Academic writing in Britain and Ireland has tended to treat the histories of England, Ireland, Scotland and Wales as discrete subjects of study. This approach is understandable but it does lead to the creation of artificial boundaries within the historical study of the British Isles and, in particular, overlooks the often close links between the different countries and societies within these islands. Equally, it inhibits the opportunity to compare and contrast the countries and societies and explain where and why their paths have diverged or merged. This book is a pioneering attempt to show how the historical understanding of the period 1100–1500 may be enriched by adopting a ‘British Isles’ approach.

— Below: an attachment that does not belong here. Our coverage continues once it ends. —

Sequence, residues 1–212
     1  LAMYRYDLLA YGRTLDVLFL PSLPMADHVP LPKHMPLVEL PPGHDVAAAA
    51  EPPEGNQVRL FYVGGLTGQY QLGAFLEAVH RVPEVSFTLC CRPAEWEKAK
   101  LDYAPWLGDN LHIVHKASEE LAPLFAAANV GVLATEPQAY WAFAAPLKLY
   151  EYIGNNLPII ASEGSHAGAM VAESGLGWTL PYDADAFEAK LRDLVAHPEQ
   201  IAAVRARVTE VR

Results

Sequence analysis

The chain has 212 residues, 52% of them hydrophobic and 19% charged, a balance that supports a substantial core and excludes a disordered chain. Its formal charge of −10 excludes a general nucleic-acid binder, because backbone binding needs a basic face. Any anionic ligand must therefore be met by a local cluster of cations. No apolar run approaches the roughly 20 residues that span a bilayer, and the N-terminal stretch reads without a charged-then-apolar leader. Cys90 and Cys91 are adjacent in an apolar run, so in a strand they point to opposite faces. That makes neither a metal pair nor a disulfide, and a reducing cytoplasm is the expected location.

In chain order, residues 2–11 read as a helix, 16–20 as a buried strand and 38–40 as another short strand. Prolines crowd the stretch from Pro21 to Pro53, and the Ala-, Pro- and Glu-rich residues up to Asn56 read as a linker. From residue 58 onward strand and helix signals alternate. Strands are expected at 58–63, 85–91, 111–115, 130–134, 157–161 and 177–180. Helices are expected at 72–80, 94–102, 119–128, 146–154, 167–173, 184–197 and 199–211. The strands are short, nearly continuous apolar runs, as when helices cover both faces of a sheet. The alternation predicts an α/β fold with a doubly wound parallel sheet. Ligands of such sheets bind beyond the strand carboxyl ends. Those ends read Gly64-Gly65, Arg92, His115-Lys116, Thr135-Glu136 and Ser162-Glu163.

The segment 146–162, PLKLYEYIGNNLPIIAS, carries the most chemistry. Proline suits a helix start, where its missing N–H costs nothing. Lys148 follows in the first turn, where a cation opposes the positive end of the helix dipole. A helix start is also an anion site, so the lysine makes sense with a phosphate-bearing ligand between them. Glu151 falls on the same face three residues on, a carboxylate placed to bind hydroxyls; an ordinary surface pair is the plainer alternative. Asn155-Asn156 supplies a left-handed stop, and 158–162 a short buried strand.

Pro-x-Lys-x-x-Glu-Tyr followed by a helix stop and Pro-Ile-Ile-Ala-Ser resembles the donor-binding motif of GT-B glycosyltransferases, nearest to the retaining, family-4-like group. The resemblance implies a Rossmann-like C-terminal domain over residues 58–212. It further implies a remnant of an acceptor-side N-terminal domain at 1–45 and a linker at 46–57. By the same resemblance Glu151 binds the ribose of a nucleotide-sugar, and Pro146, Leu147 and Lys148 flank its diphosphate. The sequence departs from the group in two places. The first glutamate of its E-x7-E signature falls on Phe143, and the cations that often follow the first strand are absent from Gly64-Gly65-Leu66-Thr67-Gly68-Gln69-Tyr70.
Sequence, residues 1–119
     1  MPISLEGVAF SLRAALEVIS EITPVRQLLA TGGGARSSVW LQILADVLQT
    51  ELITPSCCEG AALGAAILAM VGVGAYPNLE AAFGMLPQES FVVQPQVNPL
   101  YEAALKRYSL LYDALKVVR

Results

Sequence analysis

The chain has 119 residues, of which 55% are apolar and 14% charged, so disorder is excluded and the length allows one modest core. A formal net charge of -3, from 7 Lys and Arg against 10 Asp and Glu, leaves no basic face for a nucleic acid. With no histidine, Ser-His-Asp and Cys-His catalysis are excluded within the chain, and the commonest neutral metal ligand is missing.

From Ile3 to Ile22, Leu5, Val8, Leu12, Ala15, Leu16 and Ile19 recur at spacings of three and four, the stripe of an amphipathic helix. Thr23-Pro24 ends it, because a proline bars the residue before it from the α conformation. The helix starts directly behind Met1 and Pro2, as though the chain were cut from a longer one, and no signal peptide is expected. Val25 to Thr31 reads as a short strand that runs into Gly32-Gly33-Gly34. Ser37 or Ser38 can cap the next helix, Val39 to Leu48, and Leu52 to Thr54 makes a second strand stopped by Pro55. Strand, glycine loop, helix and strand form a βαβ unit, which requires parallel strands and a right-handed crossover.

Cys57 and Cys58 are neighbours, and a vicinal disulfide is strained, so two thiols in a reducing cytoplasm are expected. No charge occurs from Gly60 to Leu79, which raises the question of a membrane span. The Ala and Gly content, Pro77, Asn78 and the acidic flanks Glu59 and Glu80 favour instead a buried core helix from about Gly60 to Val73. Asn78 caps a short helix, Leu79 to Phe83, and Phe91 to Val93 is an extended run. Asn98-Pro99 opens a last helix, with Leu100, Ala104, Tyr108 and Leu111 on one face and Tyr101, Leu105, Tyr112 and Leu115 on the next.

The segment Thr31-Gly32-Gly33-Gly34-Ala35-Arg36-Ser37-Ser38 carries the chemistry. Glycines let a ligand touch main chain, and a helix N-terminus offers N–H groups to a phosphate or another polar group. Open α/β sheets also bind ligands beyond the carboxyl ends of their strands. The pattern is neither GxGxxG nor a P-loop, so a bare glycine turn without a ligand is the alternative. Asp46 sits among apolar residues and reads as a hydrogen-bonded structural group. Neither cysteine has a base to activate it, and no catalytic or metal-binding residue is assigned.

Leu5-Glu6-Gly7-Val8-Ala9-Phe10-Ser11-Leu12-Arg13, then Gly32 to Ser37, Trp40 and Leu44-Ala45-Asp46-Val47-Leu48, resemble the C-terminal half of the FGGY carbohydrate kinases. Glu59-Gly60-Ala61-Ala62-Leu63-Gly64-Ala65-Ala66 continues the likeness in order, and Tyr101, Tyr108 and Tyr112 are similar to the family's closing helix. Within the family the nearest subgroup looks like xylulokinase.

Some of the chapters approach general issues such as political structures, aristocracies, law and literacy; others focus on more particular problems both between the countries and within them.